New Hope for Brutalist Wonder: IKEA May Turn Pirelli Tire Building into a Hotel

The controversial Brutalist Pirelli Tire Building in New Haven, Connecticut was saved from demolition by a compromise with IKEA back in 2002, and now the Swedish retailer is reportedly considering a new use for the structure. Designed by Marcel Breuer, a master of Modernism whose monumental concrete creations remain divisive to this day, it’s one of the most important Brutalist buildings remaining in the United States. Now, if the rumors are true, it could be transformed into a hotel.

The building was initially built to serve as the headquarters of Armstrong Rubber in 1969. Consisting of a massive monolithic rectilinear volume of offices floating above a much longer base of research and warehouse space, the structure is nothing if not imposing. Many residents of New Haven found it ugly and villainous-looking, and once it was no longer in use, wanted to see it torn down. But it’s historically important, and advocacy groups pushed to keep it intact. IKEA proposed building a major new store on the site, but that required tearing down a substantial part of the building for the store’s parking lot.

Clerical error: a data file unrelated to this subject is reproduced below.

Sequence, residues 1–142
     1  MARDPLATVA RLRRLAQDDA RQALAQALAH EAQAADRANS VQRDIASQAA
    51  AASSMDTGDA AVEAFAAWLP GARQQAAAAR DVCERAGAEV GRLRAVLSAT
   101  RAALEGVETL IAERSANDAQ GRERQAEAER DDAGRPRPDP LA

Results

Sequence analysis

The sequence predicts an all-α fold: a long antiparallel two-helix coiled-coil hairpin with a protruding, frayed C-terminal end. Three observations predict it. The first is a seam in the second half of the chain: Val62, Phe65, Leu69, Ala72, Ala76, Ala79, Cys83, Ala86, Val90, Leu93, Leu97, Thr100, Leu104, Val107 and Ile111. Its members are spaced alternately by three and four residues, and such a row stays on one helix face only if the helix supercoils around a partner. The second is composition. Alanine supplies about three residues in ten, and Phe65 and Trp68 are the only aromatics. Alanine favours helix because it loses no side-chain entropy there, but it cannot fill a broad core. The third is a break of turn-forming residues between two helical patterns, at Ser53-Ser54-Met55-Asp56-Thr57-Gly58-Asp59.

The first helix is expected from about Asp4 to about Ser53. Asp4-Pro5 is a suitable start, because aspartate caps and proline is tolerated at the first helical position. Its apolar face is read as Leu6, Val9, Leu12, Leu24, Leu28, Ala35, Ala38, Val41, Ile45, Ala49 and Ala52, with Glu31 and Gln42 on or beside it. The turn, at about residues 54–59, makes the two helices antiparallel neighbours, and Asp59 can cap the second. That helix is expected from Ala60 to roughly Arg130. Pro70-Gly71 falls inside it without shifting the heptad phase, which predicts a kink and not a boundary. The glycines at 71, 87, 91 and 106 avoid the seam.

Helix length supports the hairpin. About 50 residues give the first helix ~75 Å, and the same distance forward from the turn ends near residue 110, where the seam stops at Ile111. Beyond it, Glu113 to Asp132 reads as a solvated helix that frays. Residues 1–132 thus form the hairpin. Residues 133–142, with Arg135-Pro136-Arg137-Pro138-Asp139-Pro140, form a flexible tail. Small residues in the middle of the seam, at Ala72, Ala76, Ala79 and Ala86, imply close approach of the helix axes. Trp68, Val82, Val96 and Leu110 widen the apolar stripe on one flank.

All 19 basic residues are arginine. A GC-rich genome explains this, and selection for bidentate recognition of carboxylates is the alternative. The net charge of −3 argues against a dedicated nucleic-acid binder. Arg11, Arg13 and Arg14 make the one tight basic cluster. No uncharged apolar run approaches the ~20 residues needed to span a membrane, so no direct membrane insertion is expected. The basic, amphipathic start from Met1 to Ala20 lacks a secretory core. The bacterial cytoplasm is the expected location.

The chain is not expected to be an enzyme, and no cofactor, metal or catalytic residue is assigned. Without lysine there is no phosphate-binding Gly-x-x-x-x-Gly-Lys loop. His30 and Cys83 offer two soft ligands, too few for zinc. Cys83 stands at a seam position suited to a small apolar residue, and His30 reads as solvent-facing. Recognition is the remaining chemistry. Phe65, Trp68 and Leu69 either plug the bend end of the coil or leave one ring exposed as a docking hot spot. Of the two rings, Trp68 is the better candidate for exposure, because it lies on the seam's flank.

Pirelli Tire Building

After the sale went through and the structure was modified, many assumed IKEA would find a use for the remainder of the building – maybe for administrative purposes, as it was originally intended. But it has remained forlorn and empty, occasionally draped with a banner advertising a sale. It looks like that might finally change. The New Haven Independent newspaper reports that IKEA is “in talks” with a New England hotel developer.

While IKEA refuses to comment on any new plans for the New Haven Pirelli building, the city’s Economic Development Administrator, Matthew Nemerson, says the good news is “it is going to be preserved.” Would you book a night to experience this classic Brutalist building up close and personal?

Top photo by Gunnar Klack/Flickr Creative Commons